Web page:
Wednesday, 17 October 2012


The Stuart dynasty reigned in England and Scotland from 1603 to 1714, a period which saw a flourishing Court culture, but also  uproar  and instability,  plague, fire and war.
It was an age of intense religious debate and radical politics. Both contributed to a bloody Civil War in the mid-17th century between the Crown and Parliament, resulting in a parliamentary victory for Oliver Cromwell and the dramatic execution of King Charles I.
There was a short-term republic, the first time that the country had experienced such an event.
The Restoration of the Crown was soon followed by another 'Glorious' Revolution. William and Mary of Orange ascended the throne as joint monarchs and defenders of Protestantism, followed by Queen Anne, the second of James II's daughters.

Friday, 5 October 2012

World Teachers' Day 2012: "Take a stand for teachers!"

“Take a stand for teachers!” is the slogan of World Teachers’ Day, 5 October 2012 , which UNESCO is celebrating along with its partners, the International Labour Organization, UNDP, UNICEF and Education International (EI).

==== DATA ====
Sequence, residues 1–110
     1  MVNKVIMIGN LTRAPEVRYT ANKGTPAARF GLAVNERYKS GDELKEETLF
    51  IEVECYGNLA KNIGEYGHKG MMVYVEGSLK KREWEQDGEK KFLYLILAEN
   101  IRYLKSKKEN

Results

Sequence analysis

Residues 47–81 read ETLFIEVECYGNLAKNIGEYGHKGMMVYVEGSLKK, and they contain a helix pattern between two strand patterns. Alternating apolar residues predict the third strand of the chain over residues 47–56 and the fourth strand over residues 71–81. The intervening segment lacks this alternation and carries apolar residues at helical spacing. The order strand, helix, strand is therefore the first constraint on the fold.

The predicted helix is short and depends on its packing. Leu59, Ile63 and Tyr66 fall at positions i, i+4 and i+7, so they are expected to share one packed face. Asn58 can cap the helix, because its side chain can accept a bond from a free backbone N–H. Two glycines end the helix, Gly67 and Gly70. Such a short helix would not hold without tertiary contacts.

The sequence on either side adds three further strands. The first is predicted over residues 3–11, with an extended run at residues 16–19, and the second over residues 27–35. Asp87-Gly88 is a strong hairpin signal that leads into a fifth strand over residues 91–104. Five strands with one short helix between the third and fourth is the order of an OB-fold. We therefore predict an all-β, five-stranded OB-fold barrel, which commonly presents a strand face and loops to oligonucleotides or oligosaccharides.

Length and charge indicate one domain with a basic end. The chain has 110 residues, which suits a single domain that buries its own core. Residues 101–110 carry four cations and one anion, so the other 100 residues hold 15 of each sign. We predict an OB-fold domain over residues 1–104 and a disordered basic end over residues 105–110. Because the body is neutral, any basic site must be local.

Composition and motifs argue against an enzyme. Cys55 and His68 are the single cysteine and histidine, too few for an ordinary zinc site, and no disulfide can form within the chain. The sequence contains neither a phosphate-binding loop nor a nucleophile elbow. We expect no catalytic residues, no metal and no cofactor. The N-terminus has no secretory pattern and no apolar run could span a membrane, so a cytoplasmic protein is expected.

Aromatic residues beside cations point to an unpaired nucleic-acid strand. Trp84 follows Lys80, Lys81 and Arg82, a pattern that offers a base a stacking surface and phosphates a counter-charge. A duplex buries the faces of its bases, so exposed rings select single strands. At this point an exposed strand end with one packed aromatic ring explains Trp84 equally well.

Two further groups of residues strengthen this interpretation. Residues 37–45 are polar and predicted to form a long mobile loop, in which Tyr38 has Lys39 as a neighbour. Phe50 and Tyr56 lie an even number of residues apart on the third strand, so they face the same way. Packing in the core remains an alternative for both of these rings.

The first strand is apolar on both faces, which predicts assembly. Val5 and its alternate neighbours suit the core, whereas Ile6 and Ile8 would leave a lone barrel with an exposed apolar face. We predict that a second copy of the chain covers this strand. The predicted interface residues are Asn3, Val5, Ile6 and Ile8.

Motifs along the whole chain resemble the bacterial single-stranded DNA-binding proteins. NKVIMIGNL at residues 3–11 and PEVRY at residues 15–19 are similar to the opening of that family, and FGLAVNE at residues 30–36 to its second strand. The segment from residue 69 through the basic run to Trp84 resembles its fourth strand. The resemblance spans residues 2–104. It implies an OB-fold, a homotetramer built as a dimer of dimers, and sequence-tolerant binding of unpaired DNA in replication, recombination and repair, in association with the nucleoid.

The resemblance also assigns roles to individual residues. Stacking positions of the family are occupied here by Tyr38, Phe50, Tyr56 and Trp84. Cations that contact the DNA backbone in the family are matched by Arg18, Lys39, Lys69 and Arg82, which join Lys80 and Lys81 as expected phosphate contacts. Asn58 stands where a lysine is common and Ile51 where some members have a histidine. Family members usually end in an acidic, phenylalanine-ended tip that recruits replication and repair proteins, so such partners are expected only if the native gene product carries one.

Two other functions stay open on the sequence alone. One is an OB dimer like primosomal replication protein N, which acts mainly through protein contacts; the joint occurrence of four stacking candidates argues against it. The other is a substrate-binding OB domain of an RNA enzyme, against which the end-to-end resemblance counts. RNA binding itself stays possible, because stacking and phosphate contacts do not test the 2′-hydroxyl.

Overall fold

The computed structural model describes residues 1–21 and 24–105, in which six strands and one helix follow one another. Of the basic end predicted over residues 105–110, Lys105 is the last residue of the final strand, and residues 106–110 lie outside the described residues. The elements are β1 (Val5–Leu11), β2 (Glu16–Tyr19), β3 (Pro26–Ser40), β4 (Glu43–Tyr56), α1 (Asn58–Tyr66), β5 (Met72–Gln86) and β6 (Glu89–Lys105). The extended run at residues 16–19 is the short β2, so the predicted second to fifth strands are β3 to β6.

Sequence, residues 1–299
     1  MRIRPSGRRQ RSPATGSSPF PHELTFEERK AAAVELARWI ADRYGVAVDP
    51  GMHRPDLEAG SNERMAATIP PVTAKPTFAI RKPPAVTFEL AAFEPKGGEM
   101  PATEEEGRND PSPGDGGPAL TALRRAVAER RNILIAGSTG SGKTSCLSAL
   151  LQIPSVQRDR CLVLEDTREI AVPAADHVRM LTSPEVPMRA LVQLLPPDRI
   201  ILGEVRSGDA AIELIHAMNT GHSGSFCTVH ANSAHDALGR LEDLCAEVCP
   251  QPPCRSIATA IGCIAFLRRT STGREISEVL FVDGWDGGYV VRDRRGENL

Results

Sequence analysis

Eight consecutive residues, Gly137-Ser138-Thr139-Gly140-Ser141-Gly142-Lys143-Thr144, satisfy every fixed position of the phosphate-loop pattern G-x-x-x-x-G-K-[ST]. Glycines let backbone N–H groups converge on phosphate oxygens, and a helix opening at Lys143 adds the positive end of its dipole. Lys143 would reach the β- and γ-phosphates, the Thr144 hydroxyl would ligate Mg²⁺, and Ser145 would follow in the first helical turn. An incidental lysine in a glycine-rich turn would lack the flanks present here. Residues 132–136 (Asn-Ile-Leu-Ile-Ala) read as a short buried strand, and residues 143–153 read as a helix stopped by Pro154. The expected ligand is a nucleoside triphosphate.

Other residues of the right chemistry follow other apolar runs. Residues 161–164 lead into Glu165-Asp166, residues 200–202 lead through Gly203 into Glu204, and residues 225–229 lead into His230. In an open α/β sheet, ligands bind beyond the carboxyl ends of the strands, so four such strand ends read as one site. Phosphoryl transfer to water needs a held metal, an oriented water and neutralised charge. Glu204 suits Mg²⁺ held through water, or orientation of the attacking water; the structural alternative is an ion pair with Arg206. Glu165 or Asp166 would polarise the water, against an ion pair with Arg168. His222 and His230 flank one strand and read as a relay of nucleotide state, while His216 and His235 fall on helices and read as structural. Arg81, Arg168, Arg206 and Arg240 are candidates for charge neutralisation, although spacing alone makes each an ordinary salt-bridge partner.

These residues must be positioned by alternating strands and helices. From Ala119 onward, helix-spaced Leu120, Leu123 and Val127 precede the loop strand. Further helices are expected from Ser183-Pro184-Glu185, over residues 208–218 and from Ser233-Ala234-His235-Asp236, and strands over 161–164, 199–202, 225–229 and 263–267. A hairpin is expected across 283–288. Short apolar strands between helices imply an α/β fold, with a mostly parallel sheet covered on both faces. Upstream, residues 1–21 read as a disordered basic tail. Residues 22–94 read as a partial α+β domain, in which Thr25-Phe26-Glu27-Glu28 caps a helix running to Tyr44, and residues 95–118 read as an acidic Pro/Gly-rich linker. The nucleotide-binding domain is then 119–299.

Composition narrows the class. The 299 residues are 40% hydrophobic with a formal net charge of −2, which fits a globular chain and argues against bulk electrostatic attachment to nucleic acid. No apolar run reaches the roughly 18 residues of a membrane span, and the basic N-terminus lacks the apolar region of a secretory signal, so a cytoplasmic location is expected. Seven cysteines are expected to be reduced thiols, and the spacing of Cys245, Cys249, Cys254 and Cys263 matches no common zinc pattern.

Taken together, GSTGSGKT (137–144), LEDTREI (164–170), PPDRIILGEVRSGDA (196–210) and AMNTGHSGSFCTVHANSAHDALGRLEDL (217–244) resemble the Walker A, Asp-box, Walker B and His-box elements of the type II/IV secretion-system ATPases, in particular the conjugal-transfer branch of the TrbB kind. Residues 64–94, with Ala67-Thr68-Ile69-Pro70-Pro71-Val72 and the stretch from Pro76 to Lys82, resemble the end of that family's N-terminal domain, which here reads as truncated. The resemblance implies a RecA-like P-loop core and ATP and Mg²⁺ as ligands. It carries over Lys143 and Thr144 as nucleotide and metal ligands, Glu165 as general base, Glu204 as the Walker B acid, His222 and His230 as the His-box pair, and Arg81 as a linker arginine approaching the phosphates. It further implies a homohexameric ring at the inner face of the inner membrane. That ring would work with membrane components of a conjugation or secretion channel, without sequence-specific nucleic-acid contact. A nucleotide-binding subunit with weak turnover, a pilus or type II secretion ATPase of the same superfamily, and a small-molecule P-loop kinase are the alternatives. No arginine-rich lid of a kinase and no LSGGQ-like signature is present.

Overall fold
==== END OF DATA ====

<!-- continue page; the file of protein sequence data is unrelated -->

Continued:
Taking a stand for the teaching profession means providing adequate training, ongoing professional development, and protection for teachers’ rights.
All over the world, a quality education offers hope and the promise of a better standard of living. However, there can be no quality education without competent and motivated teachers.
Teachers are among the many factors that keep children in school and influence learning. They help students think critically, process information from several sources, work cooperatively, tackle problems and make informed choices.
Why take a stand for teachers? Because the profession is losing status in many parts of the world. World Teachers’ Day calls attention to the need to raise the status of the profession - not only for the benefit of teachers and students, but for society as a whole, to acknowledge the crucial role teachers play in building the future.

On this day, we call for teachers to receive supportive environments, adequate quality training as well as ‘safeguards’ for teachers’ rights and responsibilities ...  We expect a lot from teachers – they, in turn, are right to expect as much from us. This World Teachers’ Day is an opportunity for all to take a stand.
Irina Bokova, UNESCO Director-General